Gov. Rick Snyder's administration on Monday proposed legislation to ensure that taxpayers do not see their state income taxes rise as a result of the federal tax overhaul, saying Michigan's personal exemption should be increased by $200 more than is scheduled.
Because the state tax code is tied to the federal code, there is concern that the reduction of the federal personal exemption to zero also nixed the state exemption and will lead to a big tax hike if no action is taken.
The legislative fix, first outlined to The Associated Press by Lt. Gov. Brian Calley, would essentially clarify that Michigan's state income tax exemptions continue and also gradually increase the state exemption to $4,500 by 2021. Under current law, it will rise to $4,300, from $4,000, by then.
"The simplest, most fair answer is to restore that exemption and then increase it over the next few years to $4,500 to ensure that Michigan families are protected, that they get whatever tax savings that is due to them at the federal level and that they don't lose anything at the state level. In fact I think most people will save a little more here at the state level, too," said Calley, a Republican who is running to succeed the term-limited Snyder.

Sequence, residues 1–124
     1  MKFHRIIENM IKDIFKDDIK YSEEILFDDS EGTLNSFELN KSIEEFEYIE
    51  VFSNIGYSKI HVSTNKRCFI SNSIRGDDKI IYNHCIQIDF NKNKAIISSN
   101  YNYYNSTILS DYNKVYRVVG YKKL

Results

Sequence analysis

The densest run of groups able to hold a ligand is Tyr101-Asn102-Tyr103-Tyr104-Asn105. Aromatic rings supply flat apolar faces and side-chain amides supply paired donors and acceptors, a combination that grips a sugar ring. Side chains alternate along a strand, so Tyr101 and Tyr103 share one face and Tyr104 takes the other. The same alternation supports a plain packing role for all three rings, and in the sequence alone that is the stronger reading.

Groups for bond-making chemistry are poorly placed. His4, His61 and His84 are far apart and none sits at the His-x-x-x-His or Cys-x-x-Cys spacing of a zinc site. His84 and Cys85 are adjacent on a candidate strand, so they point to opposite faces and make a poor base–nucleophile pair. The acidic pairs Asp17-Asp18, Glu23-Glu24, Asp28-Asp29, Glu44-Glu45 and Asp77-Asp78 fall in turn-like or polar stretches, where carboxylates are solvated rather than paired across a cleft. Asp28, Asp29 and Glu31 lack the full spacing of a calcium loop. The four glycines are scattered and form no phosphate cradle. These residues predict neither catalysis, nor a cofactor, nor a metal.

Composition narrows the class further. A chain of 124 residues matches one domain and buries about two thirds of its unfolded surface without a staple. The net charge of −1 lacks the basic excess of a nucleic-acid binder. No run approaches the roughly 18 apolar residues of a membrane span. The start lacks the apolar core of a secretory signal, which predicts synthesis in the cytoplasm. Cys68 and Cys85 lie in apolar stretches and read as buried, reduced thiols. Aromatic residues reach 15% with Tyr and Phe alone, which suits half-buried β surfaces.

According to the administration, taxpayers will pay $840 million more in 2018 and $1.6 billion-plus more in 2019 without action. Calley said 98 percent of the impact is because of changes to federal personal exemptions, but raising the state exemption would offset other impacts that will result in tax increases and decreases for some taxpayers depending on the year. He mentioned the elimination of deductions for moving expenses as one example.
On Friday, state Attorney General Bill Schuette, who also is running for governor, said Michigan should not only move to avoid a state tax hike but quickly adopt his plan to reduce the income tax rate from 4.25 percent to 3.9 percent — where it was a decade ago. He said "avoiding a massive, unintentional tax increase is simply not good enough."
Asked Monday if he supports dropping the income tax to 3.9 percent, Calley said: "We can always have those kinds of discussions, but this is more urgent." Legislation to cut the tax rate failed in the GOP-controlled Legislature last year.
More than 40 states have income taxes, and nearly all of them rely to some degree on definitions from the federal tax code. Michigan appears to be among the first where bills will be introduced.
Economists expect that many states will see their revenue rise because they tie their tax laws to federal provisions such as those on personal exemptions, which lower the bills based on the size of households.